Covered California, March 22, 2020
This policy/actuarial brief provides projections and models the potential costs associated with coronavirus (COVID-19) testing and treatment on the national commercial health insurance markets (individual, small and large group employers — including both those employers that are insured and self-funded). There are additional cost and access implications for Medicare, Medicaid, other public programs, and the uninsured, but this brief focuses only on the impacts on Americans with commercial insurance coverage.
The potential impacts detailed in this report reflect what could happen absent decisive federal action. If these impacts are not mitigated, the public health and economic consequences to consumers, small and large employers and health insurers are potentially staggering, including:
- Consumers and employees not getting needed testing or treatments due to cost barriers, both for COVID-19 but also for other health conditions.
- Employers no longer being able to offer affordable coverage, or dramatically shifting costs to employees.
- Consumers and employers no longer being able to afford coverage, leading to employer groups dropping coverage or individuals deciding to go uninsured.
- Even more unsubsidized marketplace enrollees being priced out of individual markets.
- Small insurers risk insolvency, and if they close, put covered consumers at financial risk, damaging competition that benefits consumers and the employers that purchase on behalf of millions of Americans.
- Dramatic cost increases, many of which will be borne by the federal government in the form of higher Advanced Premium Tax Credits (APTC), or by both federal and state governments paying for increased Medicaid enrollment as individuals and employers drop coverage.
By Don McCanne, M.D.
There have been many similar reports to this one. Although we already have an inequitable, fragmented, dysfunctional health card financing system, in spite of the highest per capita health care spending of all nations, the current COVID-19 pandemic crisis is revealing the severe instability in our health care financing infrastructure.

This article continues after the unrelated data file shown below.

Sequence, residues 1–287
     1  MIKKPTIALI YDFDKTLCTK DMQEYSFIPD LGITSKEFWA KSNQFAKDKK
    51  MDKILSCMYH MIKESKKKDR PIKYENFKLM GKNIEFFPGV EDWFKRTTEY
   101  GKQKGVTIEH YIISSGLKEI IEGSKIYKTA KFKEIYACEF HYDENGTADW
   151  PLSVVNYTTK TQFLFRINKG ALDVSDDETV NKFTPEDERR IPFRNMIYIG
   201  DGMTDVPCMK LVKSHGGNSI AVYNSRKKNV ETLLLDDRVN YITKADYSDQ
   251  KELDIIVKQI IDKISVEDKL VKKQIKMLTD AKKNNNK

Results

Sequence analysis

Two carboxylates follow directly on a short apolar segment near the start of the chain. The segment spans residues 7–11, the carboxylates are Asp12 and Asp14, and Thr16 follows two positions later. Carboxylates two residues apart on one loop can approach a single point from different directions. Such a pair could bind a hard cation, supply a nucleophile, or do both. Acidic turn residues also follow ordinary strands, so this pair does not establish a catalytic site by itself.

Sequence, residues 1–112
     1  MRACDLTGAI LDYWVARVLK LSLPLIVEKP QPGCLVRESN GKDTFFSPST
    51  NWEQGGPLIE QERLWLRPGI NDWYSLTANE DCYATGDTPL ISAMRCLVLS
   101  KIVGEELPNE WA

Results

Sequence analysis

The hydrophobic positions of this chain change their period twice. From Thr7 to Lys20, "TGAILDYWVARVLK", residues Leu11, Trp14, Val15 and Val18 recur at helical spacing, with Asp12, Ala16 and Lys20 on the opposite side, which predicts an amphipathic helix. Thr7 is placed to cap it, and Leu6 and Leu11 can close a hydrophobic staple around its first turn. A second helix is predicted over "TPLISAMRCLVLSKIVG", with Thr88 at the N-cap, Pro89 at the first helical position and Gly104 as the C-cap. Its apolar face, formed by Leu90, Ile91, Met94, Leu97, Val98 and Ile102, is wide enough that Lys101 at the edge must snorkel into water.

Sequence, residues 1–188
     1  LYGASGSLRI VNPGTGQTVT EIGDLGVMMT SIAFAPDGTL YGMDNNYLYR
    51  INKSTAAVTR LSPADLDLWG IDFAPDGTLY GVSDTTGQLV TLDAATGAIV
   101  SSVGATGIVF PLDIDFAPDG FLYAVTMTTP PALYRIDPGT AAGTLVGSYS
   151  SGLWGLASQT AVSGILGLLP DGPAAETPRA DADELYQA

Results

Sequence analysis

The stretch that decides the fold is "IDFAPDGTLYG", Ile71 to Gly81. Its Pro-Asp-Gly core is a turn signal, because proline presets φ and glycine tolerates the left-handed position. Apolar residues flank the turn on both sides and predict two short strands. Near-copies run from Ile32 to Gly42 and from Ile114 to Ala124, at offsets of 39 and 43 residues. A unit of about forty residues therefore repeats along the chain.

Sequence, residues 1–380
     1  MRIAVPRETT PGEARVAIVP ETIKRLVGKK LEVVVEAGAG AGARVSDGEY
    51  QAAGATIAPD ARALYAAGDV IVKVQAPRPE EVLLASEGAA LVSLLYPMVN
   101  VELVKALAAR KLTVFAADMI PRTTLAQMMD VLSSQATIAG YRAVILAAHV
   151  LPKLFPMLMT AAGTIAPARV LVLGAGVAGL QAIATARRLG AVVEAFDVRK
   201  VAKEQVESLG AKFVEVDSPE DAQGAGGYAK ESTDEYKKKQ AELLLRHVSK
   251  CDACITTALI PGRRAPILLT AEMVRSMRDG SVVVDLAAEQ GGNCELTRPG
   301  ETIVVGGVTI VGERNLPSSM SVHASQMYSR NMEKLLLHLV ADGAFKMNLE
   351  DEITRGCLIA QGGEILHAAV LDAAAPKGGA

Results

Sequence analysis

MSNBC’s Yasmin Vossoughian: “Our health care system seems to be crumbling underneath this crisis. There is not enough support for the health care system; there is not support for the American people inside of the health care system. Are you now reconsidering your position when it comes to single payer health care?”
Former Vice President Joe Biden: “Single payer will not solve that at all.”
Sorry, Mr. Biden, you are wrong.
All nations are now facing this pandemic. They each have to deal with the added costs of the burden placed on their public health systems and the costs of rendering health care to those who develop COVID-19. But the United States is unique in that the instability in health care financing and coverage will expose tens of millions to personal financial hardship and possibly even bankruptcy. That does not happen in nations that have stable, universal health care financing systems.
Mr. Biden, a single payer, Medicare for All program would remove financial barriers to care and prevent financial hardship due to medical bills. Yes, additional public health measures are required, and the nation would benefit from better social insurance programs covering other individual and family costs related to the pandemic, but that is certainly no reason to reject the vastly superior Medicare for All model of financing health care. And, remember, it is the people who are the patients, not the commercial insurers.
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